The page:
She wouldn't have needed to if things had been different, of course, but Primrose did come to Sunshade of her own accord. She walked in, asked about Helgenish, and asked how to become a dancer, and then she did that, and she found him. Yusufa doesn't know what the next step of her plan is, but it's not really her business. She hopes it involves breaking that chair he loves so much. Perhaps even kicking it out from under him. Yusufa's fantasized about doing that since the first time she had to clean the stupid thing.
Prim clenches her jaw when the shutters rattle, and reaches up and cups her hands over her ears. Yusufa's been there— noise hurts. She digs her nails into the leather of her bag. More than anything, Yusufa wants to make all the pain go away. She never really understood that feeling until Prim came along, and showed her what it was like.
"Hold on," Yusufa says. She reaches around and picks up the extra blanket she uses, when the temperature drops in the night. She folds it up and rests it over Primrose's head. "That always helps me when I get those headaches."
"Thanks," Primrose mumbles. She moves the edge of the blanket just enough her face pokes out from the other side. "Won't you get cold?"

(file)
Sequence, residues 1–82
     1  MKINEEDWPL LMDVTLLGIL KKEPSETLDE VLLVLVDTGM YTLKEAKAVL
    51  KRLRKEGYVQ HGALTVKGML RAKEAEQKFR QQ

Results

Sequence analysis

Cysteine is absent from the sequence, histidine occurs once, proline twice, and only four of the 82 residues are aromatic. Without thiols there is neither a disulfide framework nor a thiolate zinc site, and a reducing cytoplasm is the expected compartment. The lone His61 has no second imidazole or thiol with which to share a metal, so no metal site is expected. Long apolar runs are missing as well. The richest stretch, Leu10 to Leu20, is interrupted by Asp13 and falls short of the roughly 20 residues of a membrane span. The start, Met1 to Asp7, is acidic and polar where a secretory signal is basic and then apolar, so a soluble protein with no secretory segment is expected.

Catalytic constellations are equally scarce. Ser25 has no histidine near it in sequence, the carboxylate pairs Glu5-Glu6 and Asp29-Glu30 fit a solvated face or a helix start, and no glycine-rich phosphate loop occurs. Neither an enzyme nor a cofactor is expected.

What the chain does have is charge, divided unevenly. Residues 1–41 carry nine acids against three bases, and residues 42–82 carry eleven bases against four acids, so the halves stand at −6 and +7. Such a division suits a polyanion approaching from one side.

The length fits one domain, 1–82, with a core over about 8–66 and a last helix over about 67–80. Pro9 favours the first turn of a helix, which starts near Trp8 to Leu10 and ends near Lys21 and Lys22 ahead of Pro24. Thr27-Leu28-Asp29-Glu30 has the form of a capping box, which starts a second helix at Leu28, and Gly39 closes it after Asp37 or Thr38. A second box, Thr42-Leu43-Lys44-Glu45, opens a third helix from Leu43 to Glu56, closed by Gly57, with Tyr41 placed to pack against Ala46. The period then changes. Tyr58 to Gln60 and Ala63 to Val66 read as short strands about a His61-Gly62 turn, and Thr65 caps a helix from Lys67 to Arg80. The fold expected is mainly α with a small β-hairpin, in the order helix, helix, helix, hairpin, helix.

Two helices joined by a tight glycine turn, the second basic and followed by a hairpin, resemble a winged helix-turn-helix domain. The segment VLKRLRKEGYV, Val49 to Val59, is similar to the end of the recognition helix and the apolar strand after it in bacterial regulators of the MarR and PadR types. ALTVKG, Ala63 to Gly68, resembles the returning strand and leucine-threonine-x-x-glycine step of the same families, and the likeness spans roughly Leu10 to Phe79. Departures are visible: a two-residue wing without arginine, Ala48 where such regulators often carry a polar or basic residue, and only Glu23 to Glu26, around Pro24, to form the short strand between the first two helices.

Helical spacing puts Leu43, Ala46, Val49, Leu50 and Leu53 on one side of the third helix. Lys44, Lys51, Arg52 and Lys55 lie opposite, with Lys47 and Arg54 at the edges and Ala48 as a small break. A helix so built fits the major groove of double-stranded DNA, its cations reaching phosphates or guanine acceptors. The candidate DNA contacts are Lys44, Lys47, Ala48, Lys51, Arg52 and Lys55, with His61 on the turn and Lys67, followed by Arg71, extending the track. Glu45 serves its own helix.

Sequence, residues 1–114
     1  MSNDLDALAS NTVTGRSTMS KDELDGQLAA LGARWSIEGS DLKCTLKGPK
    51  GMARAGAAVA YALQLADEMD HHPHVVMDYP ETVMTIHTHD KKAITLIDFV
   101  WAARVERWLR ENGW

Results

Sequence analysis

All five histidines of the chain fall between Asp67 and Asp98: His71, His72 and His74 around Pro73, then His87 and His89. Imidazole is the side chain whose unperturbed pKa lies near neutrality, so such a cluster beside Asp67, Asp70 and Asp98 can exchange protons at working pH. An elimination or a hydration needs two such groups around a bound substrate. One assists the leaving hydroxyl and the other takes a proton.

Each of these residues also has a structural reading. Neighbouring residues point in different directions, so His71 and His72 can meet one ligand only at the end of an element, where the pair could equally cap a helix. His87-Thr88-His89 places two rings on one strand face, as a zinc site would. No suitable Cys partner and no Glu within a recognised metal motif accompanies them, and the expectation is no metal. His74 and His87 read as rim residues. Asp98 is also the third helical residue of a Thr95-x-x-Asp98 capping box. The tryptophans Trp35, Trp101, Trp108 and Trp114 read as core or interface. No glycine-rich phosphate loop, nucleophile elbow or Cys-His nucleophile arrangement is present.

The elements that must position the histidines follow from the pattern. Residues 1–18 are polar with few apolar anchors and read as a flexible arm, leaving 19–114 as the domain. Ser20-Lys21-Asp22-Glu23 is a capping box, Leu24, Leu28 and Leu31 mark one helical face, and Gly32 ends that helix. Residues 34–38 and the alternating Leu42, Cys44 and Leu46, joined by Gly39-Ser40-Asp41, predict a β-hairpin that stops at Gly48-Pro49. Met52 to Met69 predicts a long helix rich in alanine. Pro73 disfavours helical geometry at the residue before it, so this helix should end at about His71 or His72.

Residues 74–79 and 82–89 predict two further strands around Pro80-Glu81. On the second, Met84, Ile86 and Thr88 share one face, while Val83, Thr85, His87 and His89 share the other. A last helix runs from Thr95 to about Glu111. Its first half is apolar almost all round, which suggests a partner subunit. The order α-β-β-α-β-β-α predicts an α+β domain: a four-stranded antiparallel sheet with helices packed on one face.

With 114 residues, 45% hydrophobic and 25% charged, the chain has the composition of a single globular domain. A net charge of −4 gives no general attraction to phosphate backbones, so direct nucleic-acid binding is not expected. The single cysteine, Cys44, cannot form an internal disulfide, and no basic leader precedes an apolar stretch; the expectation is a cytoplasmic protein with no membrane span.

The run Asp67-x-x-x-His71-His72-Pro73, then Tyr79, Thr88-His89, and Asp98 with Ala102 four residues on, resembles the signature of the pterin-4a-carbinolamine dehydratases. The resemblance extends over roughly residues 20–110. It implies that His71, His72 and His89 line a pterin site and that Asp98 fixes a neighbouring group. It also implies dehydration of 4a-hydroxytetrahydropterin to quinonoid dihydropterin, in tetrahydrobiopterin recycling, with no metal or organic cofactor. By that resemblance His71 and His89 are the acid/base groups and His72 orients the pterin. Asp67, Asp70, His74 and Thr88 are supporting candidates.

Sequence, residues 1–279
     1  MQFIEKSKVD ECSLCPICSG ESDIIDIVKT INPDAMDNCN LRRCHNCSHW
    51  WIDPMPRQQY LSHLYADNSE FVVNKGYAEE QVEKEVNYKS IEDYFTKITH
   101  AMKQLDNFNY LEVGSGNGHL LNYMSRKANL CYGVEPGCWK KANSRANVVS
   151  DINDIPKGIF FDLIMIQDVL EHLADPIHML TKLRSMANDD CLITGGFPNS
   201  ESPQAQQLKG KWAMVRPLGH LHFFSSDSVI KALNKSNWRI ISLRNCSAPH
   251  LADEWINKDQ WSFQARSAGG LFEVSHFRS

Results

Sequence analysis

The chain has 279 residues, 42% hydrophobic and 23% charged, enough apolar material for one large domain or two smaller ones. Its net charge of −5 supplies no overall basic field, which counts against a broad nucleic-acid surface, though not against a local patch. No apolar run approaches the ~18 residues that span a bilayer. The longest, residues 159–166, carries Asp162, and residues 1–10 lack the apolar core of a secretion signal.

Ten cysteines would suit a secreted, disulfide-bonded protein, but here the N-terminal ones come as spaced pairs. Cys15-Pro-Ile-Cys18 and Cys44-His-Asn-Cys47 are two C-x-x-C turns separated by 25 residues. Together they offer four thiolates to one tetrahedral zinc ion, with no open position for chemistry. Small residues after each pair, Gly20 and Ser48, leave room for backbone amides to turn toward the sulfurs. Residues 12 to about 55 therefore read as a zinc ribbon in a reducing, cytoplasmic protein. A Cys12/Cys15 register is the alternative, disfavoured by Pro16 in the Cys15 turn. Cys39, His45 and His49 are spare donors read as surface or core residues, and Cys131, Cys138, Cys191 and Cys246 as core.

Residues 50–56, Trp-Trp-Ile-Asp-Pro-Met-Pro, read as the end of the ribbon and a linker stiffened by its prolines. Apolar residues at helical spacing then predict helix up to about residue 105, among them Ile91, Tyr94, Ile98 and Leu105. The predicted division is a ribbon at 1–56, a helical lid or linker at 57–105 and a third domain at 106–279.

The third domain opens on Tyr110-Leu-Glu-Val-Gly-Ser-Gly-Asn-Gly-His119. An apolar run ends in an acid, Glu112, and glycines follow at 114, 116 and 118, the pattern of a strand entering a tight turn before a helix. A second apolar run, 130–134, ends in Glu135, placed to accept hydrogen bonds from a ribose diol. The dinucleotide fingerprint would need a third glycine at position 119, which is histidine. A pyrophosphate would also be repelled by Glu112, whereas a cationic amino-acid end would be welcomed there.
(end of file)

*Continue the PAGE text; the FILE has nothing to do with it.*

Yusufa shrugs. "Nah."
"Alright," Primrose says. "But if you do, take the blanket back."
"You need it," she insists. "You're hurt. I've been there. I know."
Primrose is quiet. "It hurts," she finally whispers. "I know I need to rest, but I can't."
Yusufa nods. "I get it," she says. "Come on, rest your head on my lap. I'll keep watch."
"... You promise you'll wake me when it's my turn?" Prim asks.
"Promise," Yusufa says.
So Primrose slowly shifts, keeping the blanket over her ears, until her head's in Yusufa's lap. Yusufa leans against the fabric rack. She wishes her thighs weren't so bony, but it'll have to do. The tension leaves Prim's shoulders in little bits, as she slowly relaxes. Her brown hair spills out over Yusufa's skirt. Yusufa wishes she were softer, that the dorm were quieter, that the world were kinder. She wishes Prim hadn't needed to make the choice she had. She wishes things were different, and better. But for the moment, the sandstorm rages on, and Prim nurses the first of many headaches brought on by her skull against the bricks, and Yusufa is too scrawny for Prim to really be comfortable. She wishes it were better, but really, if Prim is letting herself rest, then it'll do just fine.